About Bird Therapy

Bird Therapy is a writing project exploring the therapeutic benefits of birdwatching for people experiencing difficulties with their mental health. I’ve been writing on this topic for two years now, both as a blog and also as a book – which is close to completion. This has led to me being asked to write a number of guest blogs and articles which can be viewed under the writing tab above. My ongoing Bird Therapy blog can also be found under this tab.

In 2017 I was asked to speak at an ‘Earth Optimism’ event at Cambridge UCCRI. The talk was a success and public speaking about Bird Therapy is something I offer – more information on this can be found under the outreach tab above. I had hoped to facilitate some group work but I’ve come to realise that this isn’t viable at this stage in my life; although who knows what the future may hold?

Bird Therapy is run by me - Joe Harkness. I’m a qualified teacher who has been working in the youth sector for nine years. My specialist area of work has always been the engagement of hard-to- reach target groups.

I live with OCD, generalised anxiety disorder and sporadic bouts of depression and use the outdoors and birdwatching to help manage my symptoms and compulsions. I decided to use my own interest in outdoor learning and my positive experiences with birdwatching to create a more practical way to apply my theories and beliefs.

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Five thoughts on “Bird Therapy”

Julie Wakefield

Hello Joe,

I have had a severe mental health condition since I was a very young girl. I am now 51 and this will be a lifetime condition. I am incredibly lucky however that it is so well managed that the majority of the time I am completely symptom free. As ‘an expert by experience’ I was asked to speak to a group of students training to be mental health nurses, which I did yesterday. I think what you are doing is wonderful. For a long time I have been telling people how essential connection with the natural world is to well-being. So I took the opportunity yesterday to make the trainee nurses aware of your project. I wore my Bird Therapy t-shirt and included in my handouts a copy of this blog – your words and the comments posted here.

I have also found that simply wearing t-shirt is way of spreading word as people ask me about it. But that was probably your intent when producing them so this will come as no surprise!

As a girl birdwatching was something that brought me real solace. Today I find it spiritual uplifting. (I have completed your survey).

Looking forward to following your progress.

Steven Hammond

I would be interested in hearing of any activities, I am a birder and am currently off sick with depression and work related stress.

Mindful birding: internet resources

[…] Bird Therapy is a blog specifically dedicated to “the therapeutic benefits of birdwatching,” based on the blogger’s personal experiences with using birding to help mitigate the negative impacts of OCD, anxiety, and depression on his daily life. The blogger’s ultimate goal is to put together a book on the positive impacts of birding on mental health, including input from other bird lovers. Anyone can contribute to the project by filling out an anonymous online survey. He also has a blog post on mindful birding per se and a series of posts on “the 5 ways to well-birding,” based on the Five Ways to Wellbeing: connect, be active, take notice, learn, and give. I love these ideas. […]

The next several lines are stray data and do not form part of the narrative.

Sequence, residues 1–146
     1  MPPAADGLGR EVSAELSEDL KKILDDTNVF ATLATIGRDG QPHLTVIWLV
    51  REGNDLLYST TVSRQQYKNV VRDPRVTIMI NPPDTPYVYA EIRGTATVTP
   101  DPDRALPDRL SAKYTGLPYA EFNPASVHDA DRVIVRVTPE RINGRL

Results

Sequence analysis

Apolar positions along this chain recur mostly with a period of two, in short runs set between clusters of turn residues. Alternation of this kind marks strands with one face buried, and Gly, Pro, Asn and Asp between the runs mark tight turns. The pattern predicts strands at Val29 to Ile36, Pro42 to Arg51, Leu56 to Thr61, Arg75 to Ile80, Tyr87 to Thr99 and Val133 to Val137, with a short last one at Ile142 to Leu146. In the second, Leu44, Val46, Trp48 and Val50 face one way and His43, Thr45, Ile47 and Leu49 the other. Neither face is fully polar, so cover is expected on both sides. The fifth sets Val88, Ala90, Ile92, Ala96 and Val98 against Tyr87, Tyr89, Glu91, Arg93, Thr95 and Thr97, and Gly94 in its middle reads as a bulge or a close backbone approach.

Simon Watts

Hi Joe,
My name is Simon, I’m an ex RGN and life-long naturalist with a keen bent towards film making. All of this has conspired into me starting WILD Presentations. The WP concept comes from witnessing exactly what you’re inferring about the meditative, calming and structured way of nature and it’s effect cognitively. My years as a District Nurse found me constantly being requested to recite my latest experiences as a naturalist – where I’d been, what I’d seen and what might be beckoning. Such was the outpouring and desire to reconnect with nature from people that now found life limiting, and such was the obvious therapeutic outcome from a simple recital that I knew I could manifest it into something with much more substance. So now I make HD films from all parts of the country, based on themes from seasons to locations, near and far. Films that are then shown on a 2m wide screen with surround (mostly natural) sound and a strong live narrative. The responses, changes – some wholesale, in the people that have watched and continue to watch them have massively exceeded even my high hopes and have left staff at the sites these guys reside absolutely gobsmacked. The popularity and range of WP has rocketed as word has spread – I believe I’m the only person in the country providing this nature-based kind of therapeutic and stimulating format and there are plans to extend the tactility of it with more objects to handle related to what is on the screen. The effects on well-being often lead to tears and emotional release not witnessed from individuals since the inception of their care.
The link to cognitive and psychological soundness and contact with the natural world (even secondary as with my audiences) is as real and as measurable as anything could ever be. I bear witness to it daily.
Please feel free to contact me at any time if I can help in any way. It’s a good message that needs spreading!
Cheers, Si.

Fergus Beeley

I’m so pleased to find a like-minded supporter of the mental health benefits of birding.
I specialise in Nature Connection and Mindfulness.
Best wishes